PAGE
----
Keene State College President Melinda Treadwell hosted the 31st annual Outstanding Women of NH (OWNH) Awards which honored four women in the community for their impact on the society.
This year’s ceremony was held virtually in a Zoom webinar on March 24 and welcomed Keene State faculty, staff and students, and even N.H. Sen. Maggie Hassan.
“Here in New Hampshire, we have a tradition of rolling up our sleeves to solve problems in our communities, our state and around the world,” Hassan said. “All of the women being honored tonight embody that tradition. Their efforts are inspiring and set an example for all Granite Staters.”
N.H. Rep. Annie Kuster could not make the event in-person, although she had prepared a few words to be spoken by her Constituent Service and Outreach Coordinator Charlotte Harris.
The theme for this year’s award ceremony was “Courageous Women: I will be heard.” President Treadwell said that the nominees of OWNH are judged by the selection committee based on each year’s theme.
“They have persevered through what could have been hardship,” Treadwell said. “It’s about finding a space you wish to advocate in, standing in it and becoming a powerful voice moving forward; become a force for change.”
The awards ceremony saw four women being honored. Lisa Beaudoin was the State of New Hampshire awardee, Demitria Kirby was the Monadnock Region awardee, Dr. Denise Burchsted was the Keene State faculty/staff awardee and Emma Manderville was the Keene State College student awardee.
Beaudoin is the executive director of ABLE NH, the Granite State’s only disability justice organization free of public funds. Beaudoin has advocated for the civil and human rights of children and adults with disabilities. ABLE NH called on the New Hampshire legislature to pass a bill allowing the NH Department of Health and Human Services to provide a Medicaid oral health benefit for adults with disabilities and all Medicaid recipients. NH Gov. Chris Sununu signed that bill, HB 4, in July of 2019.
In December 2018, Beaudoin was in a car accident, hit by a distracted driver. She underwent eight surgeries and had to relearn how to walk.
Following her injury, Beaudoin has advocated for increased penalties for individuals who cause a car crash that results in serious injury or death while using an electronic device.
“It takes an organized strategic team to bend the moral arc of the universe toward justice,” Beaudoin said. “Everyone has superpowers to share with mentoring and encouragement, ordinary citizens become extraordinary leaders. We must have the courage to simply believe that together we can achieve the impossible.”
Kirby, the Monadnock Region awardee, is the youth services manager for the City of Keene and is the coordinator of the Juvenile Court Diversion Program. According to the awards page, the program has grown from 13 cases per year since Kirby started, to an average of 33 cases per year. Kirby also volunteers for the YMCA’s Monadnock Youth Coalition. Upon receiving her award, Kirby said she has always been a firm believer in the power of one voice, so the theme, “Courageous Women: I will be heard,” holds true to her values.
“I appreciate the platform to acknowledge the wonderful work women in our community are doing, as well as the restorative and educational opportunities,” Kirby said. “It is important that our youth realize that they are more than just the worst mistake that they have made, and an impulsive decision did not define their life, nor hold them back from whatever path you choose.”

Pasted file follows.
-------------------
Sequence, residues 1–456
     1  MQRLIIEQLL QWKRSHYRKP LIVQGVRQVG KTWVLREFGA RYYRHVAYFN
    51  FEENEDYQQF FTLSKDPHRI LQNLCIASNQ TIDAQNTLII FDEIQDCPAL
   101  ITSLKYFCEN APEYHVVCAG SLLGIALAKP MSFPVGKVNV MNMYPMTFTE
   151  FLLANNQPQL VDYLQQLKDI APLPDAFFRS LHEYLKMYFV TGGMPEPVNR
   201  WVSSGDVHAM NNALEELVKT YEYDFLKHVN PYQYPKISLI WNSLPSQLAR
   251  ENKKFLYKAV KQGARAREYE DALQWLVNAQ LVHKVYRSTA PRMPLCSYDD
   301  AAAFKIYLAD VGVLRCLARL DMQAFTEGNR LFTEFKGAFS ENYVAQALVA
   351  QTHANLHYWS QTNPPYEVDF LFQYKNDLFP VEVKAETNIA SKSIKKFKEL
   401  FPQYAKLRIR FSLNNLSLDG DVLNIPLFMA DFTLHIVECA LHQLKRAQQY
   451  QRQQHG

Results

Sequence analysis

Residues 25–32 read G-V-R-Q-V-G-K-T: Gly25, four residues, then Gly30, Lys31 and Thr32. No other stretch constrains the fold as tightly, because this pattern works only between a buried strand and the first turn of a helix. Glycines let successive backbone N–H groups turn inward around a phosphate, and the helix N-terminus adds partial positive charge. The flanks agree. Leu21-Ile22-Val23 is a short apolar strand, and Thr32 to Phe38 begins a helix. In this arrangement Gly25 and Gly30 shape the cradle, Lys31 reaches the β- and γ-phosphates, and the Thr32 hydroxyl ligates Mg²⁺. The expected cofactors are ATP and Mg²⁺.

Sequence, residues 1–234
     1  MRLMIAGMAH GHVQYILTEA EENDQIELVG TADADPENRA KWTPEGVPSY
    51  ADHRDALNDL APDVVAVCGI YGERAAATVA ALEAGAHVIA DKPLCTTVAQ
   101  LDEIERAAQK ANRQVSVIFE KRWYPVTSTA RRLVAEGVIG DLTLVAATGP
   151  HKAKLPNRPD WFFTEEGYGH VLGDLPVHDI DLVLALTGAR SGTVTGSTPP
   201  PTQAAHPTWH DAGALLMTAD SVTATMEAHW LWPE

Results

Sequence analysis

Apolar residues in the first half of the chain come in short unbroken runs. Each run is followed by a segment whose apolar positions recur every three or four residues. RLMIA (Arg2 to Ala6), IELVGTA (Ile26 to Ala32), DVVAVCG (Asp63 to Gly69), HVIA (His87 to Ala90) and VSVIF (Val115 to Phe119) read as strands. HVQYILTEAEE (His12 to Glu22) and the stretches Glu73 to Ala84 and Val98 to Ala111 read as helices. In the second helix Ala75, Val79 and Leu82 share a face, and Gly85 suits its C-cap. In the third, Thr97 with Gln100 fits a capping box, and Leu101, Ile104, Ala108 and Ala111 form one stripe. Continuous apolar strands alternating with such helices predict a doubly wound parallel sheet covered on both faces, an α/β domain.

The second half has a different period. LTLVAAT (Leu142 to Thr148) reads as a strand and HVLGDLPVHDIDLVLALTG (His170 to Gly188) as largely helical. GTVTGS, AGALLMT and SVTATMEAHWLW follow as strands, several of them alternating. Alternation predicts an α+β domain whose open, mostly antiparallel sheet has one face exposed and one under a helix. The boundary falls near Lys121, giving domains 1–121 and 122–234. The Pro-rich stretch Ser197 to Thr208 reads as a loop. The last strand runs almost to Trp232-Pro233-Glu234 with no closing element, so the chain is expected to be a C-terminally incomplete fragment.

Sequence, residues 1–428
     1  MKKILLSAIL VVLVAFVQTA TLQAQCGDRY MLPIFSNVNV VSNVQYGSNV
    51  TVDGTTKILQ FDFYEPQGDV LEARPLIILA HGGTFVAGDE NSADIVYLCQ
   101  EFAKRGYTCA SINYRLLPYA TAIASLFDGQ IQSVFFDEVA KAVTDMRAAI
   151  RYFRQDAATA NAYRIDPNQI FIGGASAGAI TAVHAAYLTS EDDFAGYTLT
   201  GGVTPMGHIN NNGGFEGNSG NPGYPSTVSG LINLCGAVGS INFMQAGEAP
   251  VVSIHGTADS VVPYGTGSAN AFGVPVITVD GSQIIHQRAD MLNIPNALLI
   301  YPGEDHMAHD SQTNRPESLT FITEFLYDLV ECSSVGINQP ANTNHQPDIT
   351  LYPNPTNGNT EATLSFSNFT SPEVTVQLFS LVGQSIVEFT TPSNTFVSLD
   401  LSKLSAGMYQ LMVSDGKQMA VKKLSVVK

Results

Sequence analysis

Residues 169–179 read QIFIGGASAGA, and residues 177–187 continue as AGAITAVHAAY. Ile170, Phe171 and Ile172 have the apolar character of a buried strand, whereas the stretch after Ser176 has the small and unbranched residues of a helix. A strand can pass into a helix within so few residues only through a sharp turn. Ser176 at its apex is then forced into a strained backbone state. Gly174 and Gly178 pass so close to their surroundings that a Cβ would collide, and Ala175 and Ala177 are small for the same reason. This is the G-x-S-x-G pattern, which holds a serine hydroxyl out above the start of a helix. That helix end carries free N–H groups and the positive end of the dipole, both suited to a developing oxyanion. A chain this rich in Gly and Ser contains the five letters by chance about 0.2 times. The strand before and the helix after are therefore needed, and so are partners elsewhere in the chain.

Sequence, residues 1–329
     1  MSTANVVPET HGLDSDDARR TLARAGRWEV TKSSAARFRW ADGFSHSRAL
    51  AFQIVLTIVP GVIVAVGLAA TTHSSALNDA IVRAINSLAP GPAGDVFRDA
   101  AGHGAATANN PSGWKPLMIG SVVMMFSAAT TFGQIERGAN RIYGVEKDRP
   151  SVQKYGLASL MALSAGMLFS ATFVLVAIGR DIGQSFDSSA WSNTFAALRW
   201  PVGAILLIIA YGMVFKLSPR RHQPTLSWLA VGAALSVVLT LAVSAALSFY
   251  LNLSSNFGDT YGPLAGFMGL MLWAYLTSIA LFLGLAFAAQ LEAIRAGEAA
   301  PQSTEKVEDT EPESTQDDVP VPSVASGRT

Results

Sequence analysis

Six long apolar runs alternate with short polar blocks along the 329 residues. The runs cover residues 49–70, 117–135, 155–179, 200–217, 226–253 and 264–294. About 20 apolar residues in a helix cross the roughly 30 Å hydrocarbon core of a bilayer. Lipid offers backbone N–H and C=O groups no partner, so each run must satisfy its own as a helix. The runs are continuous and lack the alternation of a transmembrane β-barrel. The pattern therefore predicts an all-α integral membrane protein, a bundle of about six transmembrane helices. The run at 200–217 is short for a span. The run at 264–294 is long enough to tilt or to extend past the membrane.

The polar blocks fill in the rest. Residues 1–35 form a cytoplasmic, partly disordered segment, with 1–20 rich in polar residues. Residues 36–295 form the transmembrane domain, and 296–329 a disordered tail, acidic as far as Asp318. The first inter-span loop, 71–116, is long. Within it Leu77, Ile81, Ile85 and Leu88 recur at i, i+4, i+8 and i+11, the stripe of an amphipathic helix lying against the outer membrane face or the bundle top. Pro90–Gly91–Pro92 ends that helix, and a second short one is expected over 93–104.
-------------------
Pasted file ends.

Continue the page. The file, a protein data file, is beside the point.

Burchsted, Keene State’s faculty/staff awardee, is a fluvial geomorphologist, water resources engineer, and associate professor in the Environmental Studies, Geography, and Sustainability Department at Keene State College. According to the awards page, Burchsted has devoted her efforts to decolonizing environmental studies and asking the question, “Why is environmental studies so white?” President Treadwell said Burchsted was also instrumental in why Keene State and Keene recognized and celebrated Indigenous People’s Day.
Burchsted also works as a consultant and environmental advocate.
“I am really truly humbled to be recognized in this way when there’s just so many women on campus and in the community who have really accomplished so much,” Burchsted said. “My love that I have from my scientific discipline just pales in comparison with the humility that I really feel from this recognition.”
Manderville, the KSC student awardee, is a contact tracer for the Rapid Response Team, helping to facilitate rapid quarantine for individuals who might have been exposed to COVID-19. Manderville is a member of the Sexual Assault and Violence Education Committee and an Advisory Board Member for Mentors in Violence Prevention. She is also president of the Keene State Public Health Club and a student ambassador for the Public Health Department. In 2020, the Public Health Club was awarded the Keene State Outstanding Academic Organization Award. Upon accepting her award Manderville gave thanks to many individuals in her life including her family and friends.
“I want to take a moment to recognize the privilege that I hold as a heterosexual white and able bodied woman, and acknowledge that I’m very fortunate to have never experienced discrimination or barriers to those identities,” Manderville said.
President Treadwell said the OWNH awards ceremony is one of her favorite events, however she thinks the college needs to better advertise the awards to show their importance to the community.
Hunter Oberst can be contacted at: